10:00 a.m.
We are within a few miles now of Huahine and our outside mark. We are looking forward to a quiet anchorage on the lee side of the island and a little rest. It's been an exhilarating ride. I need to post this while still in open waters as I don't know what the radio signal will be once we are in the Bay.

12:30 p.m.
I am unable to send the log at 10:00, so I postpone until I have an Internet connection in port.  We are now at anchor in Huahine.  There is a large mountain at the base of the  bay creating clouds and winds.  Because we are behind the reef, there is no swell, but the winds here are pretty stiff.  We don't care, we drop the hook.  We're done for the day.

All is well on Worrall Wind.

Saturday, July 24, 2010

Worrall Wind Update - On the move again July 24, 2010

UTC/Local Time: 2000/10:00 a.m.
Latitude: 17 29.448 S
Longitude: 149 51.093 W


We left Tahiti yesterday, July 23, 2010, one week after we returned from the states. During that week, we finished up a lot of fix-it projects. We stained and mounted our new spice and wine glass racks, installed replacement parts for the refrigerator, installed the new lid for the freezer, installed the repaired autopilot computer, fixed the gooseneck,

                                                             Gooseneck on the Mast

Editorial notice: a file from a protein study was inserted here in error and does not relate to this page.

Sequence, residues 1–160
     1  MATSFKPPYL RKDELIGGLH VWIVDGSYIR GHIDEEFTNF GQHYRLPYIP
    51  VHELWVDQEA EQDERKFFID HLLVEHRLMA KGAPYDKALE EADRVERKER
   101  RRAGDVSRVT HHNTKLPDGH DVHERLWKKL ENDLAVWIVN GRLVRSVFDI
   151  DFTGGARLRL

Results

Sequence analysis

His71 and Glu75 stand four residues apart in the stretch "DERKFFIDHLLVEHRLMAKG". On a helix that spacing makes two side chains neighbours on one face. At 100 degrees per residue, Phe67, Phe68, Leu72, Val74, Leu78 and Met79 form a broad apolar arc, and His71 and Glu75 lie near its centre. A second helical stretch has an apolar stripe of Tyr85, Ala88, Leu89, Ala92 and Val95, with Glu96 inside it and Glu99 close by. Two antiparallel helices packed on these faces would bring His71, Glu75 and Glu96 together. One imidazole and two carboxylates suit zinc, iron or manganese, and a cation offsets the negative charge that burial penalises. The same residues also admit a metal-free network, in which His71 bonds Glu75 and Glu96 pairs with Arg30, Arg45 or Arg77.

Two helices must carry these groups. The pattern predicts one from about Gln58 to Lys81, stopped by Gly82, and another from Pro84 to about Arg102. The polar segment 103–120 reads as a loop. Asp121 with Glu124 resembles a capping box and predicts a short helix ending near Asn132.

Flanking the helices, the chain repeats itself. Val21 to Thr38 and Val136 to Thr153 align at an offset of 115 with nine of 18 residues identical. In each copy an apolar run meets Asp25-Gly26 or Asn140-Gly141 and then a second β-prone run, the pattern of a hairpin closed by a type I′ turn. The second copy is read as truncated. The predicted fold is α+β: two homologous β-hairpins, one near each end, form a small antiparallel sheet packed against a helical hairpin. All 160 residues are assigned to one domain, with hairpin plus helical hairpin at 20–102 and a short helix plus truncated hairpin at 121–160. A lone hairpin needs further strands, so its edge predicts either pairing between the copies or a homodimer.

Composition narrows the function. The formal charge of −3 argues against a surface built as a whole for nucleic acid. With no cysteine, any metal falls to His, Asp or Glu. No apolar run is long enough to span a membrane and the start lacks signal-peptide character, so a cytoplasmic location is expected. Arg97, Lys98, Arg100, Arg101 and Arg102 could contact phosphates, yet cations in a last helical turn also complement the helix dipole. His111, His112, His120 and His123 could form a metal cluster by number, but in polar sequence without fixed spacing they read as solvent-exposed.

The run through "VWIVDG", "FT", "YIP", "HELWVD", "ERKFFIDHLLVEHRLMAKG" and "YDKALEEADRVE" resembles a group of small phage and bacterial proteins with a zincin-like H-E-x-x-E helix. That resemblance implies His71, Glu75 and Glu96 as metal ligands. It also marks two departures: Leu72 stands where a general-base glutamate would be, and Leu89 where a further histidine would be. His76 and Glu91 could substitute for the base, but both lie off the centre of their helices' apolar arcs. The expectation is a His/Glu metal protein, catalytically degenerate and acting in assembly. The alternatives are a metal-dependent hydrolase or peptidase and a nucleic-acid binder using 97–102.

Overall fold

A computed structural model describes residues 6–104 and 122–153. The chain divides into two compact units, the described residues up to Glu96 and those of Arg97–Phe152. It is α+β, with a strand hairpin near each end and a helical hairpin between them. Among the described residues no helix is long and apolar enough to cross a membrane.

made new pillow covers and table cloths from some Tahitian fabric, scraped the waterline of sea gunk, washed down the boat, provisioned, stowed stuff for passage, and refueled.
We load about 200 gallons of diesel into the tanks

                                                                  Russ getting fuel

and 30 gallons of gasoline in our jerry cans, about $600 US, as we left yesterday. Gene and Gloria on Pincoya were right in front of us on the fuel dock headed to Moorea as well. We said a sad farewell to Betty and Herb on SV Sula. Their boat has had transmission/V drive problems since leaving Mexico. They have been in Papeete nearly 8 weeks. The mechanics might be able to do a temporary fix by tooling a part to keep the oil from mixing, but the real problem is the incompatibility of the two components. They are ultimately going to have to have V drive or both replaced in New Zealand or big boat yard. In the meantime their visa is going to run out here in a couple of weeks. It's a sour pickle. Wish we could have brought the parts back to them from the states when we were there.

Our sail to Moorea was wonderful. We left the Papeete channel at 1:30 and arrived in Oponohu at 4:30. When we left Tahiti we had some large waves, but not a lot of wind. Eventually, the wind kicked up to 8 knots then 15, then 20+, and Worrall Wind was coursing over ground at 7-8 knots. The swell was 6-8 feet from the stern quarter. It was nice to be on the move again, but oh how quickly we forget how everything is in motion while we are sailing. We'll have to get our sea legs back again. We arrived and anchored to Pincoya, enjoying an evening with Gene and Gloria.

                                                                 Pincoya at Sunset